up her children in a different way from how she was'
herself brought up.
Apart from Phillip they are all grown up now and
and on their own. Beverley and Jennifer lived with
their grandmother in Trinidad but the others were
studying abroad.
One of the older girls, Althea, returned to
Trinidad last week from London where, in 1971, she
had been one of the defendants in the famous
Mangrove Nine trial.
About all this Mrs Viola Jones had no regrets.
She drew only strength from her daughters' evident
courage and determination, a strength which sustained
an admirable poise as she talked in the drawing room
of the house of mourning.
"As a mother with all, I suppose hopes and
aspirations for children, ;Beverley's cutting off would
have had a very deep effect. But when you view the
whole thing in context, I have to feel and gather
strength to know that she had a consciousness and an
awareness that within her society there were many
questions that were left without answers, and in her
small way she was trying to see to find out some of
those answers. And because she had that conviction and
courage, I think that I can do no more than give support
to that spirit".


From New York she returned once every year,
but she 'maintained contact with the two.girls in
Trinidad. Beverley, born September 23, 1955, had
taken GCE Ordinary Level examination last year after
four years at Providence Girls Intermediate. She
passed in English Language, and got a distinction in
Jennifer would be 20 in October. She had done
O' Levels at St. George's College and had moved to
Polytechnic to do Chemistry, Botany and Zoology,
at A' Level.
"'I was aware of their thinking," she said, noting
that her views about the upbringing of children and
herpoliticalactiviticshad helped to shape their attitudes.
The two girls were very close, she said, that
people thought they were twins. Mrs Jones is conscious
of a change that came over the girls while she was away,
a change that she could see from their letters (even
though "letters 'don't always tell everything"). I asked
about Beverley.
"The new Beverley did give me a bit of surprise.
She was a girl full of life, you know, that I didn't think
she would take things so seriously and have'that con-
sciousness about her. But she was full of life, and also
quick to cry if you talked to her roughly.
But: "This part of her I didn't know: the teachers
told me that she asked a lot of questions, and she was
emotional. When she didn't get support or so she was
quick to cry. I know that part of her. When something
bothered her she would be quick to cry. On the other
hand, she would be laughing.

Continued on Pagel 1



Pablo Neruda

Lloyd King's tributeto the late Chilean Marxist poet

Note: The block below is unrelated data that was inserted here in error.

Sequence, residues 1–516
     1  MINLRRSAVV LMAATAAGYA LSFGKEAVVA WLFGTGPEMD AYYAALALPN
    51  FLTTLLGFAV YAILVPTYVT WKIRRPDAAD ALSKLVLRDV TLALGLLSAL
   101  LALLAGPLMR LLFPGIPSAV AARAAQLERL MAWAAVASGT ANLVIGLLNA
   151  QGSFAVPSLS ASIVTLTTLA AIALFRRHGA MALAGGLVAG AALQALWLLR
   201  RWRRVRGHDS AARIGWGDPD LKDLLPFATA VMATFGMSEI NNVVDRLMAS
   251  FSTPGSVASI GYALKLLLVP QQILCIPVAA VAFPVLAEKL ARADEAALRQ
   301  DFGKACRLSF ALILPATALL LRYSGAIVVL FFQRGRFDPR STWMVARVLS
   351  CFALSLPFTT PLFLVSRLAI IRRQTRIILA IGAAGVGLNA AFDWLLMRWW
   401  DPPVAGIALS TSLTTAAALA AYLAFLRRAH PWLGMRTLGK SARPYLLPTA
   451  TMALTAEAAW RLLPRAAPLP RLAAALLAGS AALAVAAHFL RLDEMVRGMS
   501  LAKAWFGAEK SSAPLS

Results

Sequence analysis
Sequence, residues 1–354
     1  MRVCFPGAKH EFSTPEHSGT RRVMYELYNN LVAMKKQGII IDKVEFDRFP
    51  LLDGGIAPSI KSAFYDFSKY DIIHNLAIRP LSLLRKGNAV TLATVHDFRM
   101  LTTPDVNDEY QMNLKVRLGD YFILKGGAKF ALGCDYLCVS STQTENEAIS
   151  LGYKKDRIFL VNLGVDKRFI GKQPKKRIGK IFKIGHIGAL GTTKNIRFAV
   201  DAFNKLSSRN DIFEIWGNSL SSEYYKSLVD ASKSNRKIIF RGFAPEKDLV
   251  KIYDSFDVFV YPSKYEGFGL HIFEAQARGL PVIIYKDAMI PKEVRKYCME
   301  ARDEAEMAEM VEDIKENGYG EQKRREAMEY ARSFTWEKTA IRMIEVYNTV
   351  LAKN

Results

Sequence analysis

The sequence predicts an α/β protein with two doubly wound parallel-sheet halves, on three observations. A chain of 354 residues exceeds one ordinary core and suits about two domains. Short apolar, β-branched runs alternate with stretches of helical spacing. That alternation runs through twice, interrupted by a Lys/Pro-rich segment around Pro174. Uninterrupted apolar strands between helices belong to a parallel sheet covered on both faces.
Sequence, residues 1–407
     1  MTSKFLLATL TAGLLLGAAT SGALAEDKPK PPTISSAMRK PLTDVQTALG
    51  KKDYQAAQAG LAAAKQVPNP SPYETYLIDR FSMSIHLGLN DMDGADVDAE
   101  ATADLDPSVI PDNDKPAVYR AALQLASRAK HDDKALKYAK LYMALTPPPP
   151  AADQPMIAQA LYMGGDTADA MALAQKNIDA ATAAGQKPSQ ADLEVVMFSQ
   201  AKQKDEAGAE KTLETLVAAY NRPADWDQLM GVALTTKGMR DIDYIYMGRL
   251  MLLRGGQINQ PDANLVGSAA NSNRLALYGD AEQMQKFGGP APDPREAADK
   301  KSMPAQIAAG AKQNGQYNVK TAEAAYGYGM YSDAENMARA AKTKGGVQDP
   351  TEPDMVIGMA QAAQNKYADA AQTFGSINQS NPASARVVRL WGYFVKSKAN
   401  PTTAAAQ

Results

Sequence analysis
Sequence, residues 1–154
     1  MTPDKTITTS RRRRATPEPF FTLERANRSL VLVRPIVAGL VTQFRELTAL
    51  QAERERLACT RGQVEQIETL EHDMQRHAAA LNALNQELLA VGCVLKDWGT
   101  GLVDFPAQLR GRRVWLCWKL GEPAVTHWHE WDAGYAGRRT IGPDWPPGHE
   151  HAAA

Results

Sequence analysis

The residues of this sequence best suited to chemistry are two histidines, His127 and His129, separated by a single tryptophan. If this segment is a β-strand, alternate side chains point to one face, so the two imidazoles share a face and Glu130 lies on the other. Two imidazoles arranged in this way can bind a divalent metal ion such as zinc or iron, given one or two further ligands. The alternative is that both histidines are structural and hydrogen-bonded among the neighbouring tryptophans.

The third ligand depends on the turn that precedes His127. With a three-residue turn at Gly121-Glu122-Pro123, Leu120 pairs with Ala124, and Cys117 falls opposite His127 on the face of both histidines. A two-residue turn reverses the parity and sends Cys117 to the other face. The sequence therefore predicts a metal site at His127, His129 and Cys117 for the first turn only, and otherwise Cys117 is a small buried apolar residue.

THE death oif rhe first
lar \ist President Io fChile.
SalaIo1r A llenide has heen
1i 1lI11% ed b ilhat 01 I 'iie Of
[i ,! c K noet ll ( Chi lean

mWi A. K Aeia NH [jli Itpo e
NO, Nemda ~

%% c:an catch something of the
personality of the Neruda of
IIn. period. The poet who
.:..uld wear his heart on his
.l,:-cve and leave just that mar-
gin, more than a margin of
d.'ubt as to his seriousness.
A. has often happened in Latin
America, the publication of a
,.-..essful book of verse opened
IIj. way for ;i post in his
'..untry's diplomatic service.
lie was sent East, to a life of
Ihneliness and the start of a
riinmber of books of verse which
\'.. .uld establish his name in the

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I loved her and at times,
she also seemed to
In verse such as the above,

[libleIo Ir, Span RF c ~ iL on
in leb'k peliri Neruda pro-
l:ichd tie inimage I aj mn -.'c dy,
"i'-mani ,i ; IiCur.:. p i. .h .:ally
unri:'.orrdinjiaed Ii\ihw in j sur-
eali:1 ljndicalp tl..Lil ed vith
[-n in3jer, 1 .rL. rili and

An \jimple,..I the .-i. of
ih e p '.r d in I rli ri.i s is
iht-, I.,_,ll., in. mr Irt .,n, "'l -.aely
ul (,,r u l ial '
} 'l tl.. ,, '.I .. ,.n l ..i.,.l
:r arn:. or, ,J .d.-lng

adlJ wiri..'i S t,,r l,... l._ g
*,dl.lirLL ini ._' Imnpal-.
tCo ti sii. '

'J'ie m e .' pr lLjit'
i S/ id s, ,,r1 ,,,
a ,. i .. h i rtL7 1 /litd/ a

ri N in 'n J "i '_..-,l;' l7'

aHrr". 'und lilt la. -

The afternoons of sedu-
cers and the nights of
cover me over like two

sheetsjoined together,
and the afterdinner hours
when young female
and young male students
and priests masturbate
and animals fornicate
and bees smell of blood
and flies buzz angrily

Long lists of images, phrased
to shock the prim and proper,
melodramatic in tone, blue in
mood, in which the poet's pain
and the poet's posturing are
magnificently fused.
In 1935, Neruda was trans-